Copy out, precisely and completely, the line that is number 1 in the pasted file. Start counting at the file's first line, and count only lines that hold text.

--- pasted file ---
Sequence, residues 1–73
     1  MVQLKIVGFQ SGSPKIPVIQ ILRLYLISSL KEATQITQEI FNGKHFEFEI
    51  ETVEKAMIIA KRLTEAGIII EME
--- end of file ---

Sequence, residues 1–73